The nose deceleration is also the most important parameter
determining the size of the valve springs.

The velocity, acceleration and deceleration rates, and jerk all have some approximate limiting values. Positive acceleration and jerk do not have hard and fast limits, so valve train dynamics or physical experimentation may be required to establish firm limits. For purposes of lobe design we assume we know the limits and wish to design the best lobe within those constraints.

The methods used to design cam profiles are often closely guarded company secrets. It seems those that guard their methods most closely, like to refer to them only as "modern". Most likely, they are using polynomial design methods that are over 60 years old. Nevertheless, enough sketchy information is available to follow the general trends of usage. The most popular methods for designing cam profiles has changed over the years. The early design methods are discussed on the Cam Design History page, while currently used methods are described here.

The most important deficiency of some of the early design methods is that they gave jump discontinuities in acceleration, i.e. infinite jerk. Infinite jerk tends to trigger vibrations in the valve train. Most engines prior to 1950, especially those in the US, were flatheads (side valve, L head) and relatively slow turning, < 4500 RPM. A flathead valve train is very stiff. Harmonic profiles with infinite jerk were not a problem with these engines. When higher revving OHV engines appeared cam profiles with infinite jerk fell from favor (see Jerk is it Important?).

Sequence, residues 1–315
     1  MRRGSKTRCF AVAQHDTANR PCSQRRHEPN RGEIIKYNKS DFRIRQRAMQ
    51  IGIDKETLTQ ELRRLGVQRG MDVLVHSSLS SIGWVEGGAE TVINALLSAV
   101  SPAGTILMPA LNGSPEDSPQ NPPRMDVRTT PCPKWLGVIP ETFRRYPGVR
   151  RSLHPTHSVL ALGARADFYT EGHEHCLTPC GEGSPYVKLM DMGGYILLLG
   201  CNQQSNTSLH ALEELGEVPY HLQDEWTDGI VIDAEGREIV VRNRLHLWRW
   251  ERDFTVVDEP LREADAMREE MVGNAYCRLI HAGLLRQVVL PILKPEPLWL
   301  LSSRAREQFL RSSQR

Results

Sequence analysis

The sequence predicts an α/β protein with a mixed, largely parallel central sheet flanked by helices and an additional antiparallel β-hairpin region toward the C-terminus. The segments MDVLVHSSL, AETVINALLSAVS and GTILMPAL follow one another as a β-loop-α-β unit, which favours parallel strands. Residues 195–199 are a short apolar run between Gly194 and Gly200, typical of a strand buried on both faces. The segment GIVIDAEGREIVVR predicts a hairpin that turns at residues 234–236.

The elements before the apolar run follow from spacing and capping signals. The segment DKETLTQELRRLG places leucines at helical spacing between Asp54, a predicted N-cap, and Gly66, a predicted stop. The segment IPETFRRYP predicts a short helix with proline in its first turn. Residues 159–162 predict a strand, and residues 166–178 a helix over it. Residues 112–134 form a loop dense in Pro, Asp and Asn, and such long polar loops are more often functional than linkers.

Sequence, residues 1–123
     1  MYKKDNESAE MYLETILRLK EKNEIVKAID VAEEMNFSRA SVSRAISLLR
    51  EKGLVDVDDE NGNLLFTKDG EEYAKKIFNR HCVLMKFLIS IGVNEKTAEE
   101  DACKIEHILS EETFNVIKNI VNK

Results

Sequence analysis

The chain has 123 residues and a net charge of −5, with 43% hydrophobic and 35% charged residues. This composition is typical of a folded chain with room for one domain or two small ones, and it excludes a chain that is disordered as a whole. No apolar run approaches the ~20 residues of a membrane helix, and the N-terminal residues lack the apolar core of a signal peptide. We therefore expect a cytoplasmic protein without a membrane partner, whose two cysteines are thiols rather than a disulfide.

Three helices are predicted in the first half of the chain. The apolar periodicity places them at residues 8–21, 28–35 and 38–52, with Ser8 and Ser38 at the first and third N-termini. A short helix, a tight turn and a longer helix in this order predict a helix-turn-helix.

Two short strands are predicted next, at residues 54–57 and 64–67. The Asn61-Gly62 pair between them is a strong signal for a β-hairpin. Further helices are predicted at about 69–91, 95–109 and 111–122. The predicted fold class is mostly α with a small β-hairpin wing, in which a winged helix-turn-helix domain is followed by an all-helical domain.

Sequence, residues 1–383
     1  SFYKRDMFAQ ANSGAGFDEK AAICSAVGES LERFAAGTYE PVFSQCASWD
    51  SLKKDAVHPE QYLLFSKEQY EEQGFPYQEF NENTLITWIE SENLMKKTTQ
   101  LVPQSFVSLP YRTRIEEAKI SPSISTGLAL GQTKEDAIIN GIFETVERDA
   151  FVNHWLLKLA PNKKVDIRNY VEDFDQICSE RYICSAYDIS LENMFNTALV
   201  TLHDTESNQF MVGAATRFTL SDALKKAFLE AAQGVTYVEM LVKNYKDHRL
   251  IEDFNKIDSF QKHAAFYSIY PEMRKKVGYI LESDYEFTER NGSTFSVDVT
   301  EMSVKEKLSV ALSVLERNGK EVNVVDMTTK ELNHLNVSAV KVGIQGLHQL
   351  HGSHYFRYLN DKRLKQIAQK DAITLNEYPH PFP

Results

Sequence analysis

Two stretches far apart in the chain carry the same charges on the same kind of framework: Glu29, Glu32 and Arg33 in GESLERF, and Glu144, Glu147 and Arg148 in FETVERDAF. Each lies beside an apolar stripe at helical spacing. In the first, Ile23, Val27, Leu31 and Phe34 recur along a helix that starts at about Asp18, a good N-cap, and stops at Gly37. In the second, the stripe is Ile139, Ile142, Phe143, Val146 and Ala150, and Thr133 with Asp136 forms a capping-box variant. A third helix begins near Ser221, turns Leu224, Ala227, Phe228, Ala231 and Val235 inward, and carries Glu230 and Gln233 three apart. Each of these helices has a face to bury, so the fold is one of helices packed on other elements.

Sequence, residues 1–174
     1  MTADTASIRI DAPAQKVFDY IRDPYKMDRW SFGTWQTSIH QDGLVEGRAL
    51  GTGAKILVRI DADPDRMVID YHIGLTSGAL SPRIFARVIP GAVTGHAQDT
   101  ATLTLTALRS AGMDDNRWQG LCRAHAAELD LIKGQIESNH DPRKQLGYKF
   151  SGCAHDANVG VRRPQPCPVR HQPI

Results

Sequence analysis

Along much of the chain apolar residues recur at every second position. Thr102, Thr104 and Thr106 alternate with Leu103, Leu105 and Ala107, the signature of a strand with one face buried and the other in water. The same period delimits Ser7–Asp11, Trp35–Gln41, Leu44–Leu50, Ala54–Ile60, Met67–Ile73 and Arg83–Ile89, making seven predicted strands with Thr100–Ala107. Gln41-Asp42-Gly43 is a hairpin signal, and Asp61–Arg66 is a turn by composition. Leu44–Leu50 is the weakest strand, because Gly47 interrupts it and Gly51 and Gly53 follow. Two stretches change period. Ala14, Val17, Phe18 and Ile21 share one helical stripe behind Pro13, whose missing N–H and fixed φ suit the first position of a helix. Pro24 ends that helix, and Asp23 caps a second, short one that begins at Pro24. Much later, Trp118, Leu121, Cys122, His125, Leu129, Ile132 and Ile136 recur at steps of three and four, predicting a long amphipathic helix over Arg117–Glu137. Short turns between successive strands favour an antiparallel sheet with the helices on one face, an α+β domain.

After methods with infinite jerk were abandoned in the early 1950's, the most popular method seems to have become methods based on incomplete polynomials. Although some might refer to this as a "modern" design method, the idea has been around for more than 60 years. (see Dudley). The equation below is typical of the type used by these methods.

Usually n = 2 or 3. 2a_{0} is the value for acceleration
and 24a_{1} is the value for snap at φ
= 0, so inclusion of these parameters helps to provide a nose of
proper shape. Some of the other parameters are specified by
endpoint conditions, while the others are chosen by the designer. The
exponents, c + id, are generally quite large, usually > 10.
Typical values might be 10, 12 and 14 or 12, 16, 18. We call
this an incomplete polynomial, because unlike a normal polynomial
approximation, it skips intermediate values of the exponents.
This method has a number of deficiencies. It is difficult to
use until the designer develops some experience, because he is
forced to choose design parameters, polynomial exponents, that
have no clear connection to the physical system. Consequently,
imposing limits on velocity, acceleration and jerk is difficult.
The method does not provide enough flexibility in the choice of
shape. Despite these limitations, this method is still widely
used, because it is simple to apply.

More recently, splines have also been used to develop cam profiles. We were surprised to learn that the earliest references for their use in cam design is in 1985 (see McCarthy and Burns). Splines are the mathematical equivalent of a french curve. They provide almost unlimited flexibility. In fact, as they are normally applied, they provide too much flexibility. Splines represent the lift curve as a number of functions, usually polynomials, that are pieced together. The designer divides the domain into subintervals by specifying a series of "knots" at various cam angles. The profile is represented as a polynomial within each subinterval. Depending on the order of the spline, various derivatives are matched at the knots where two polynomials come together. For example, the simplest spline uses quadratic polynomials, with first derivatives matched at the knots. A quadratic spline will have a discontinuity in the second derivatives at the knots. This means velocity will be continuous, but acceleration will have jumps at the knots, i.e. infinite jerk. A cubic spline (3rd degree) has continuous second derivatives (acceleration) and a quartic spline (4th degree) has continuous third derivatives (jerk). A quintic spline (5th degree) has continuous snap, etc.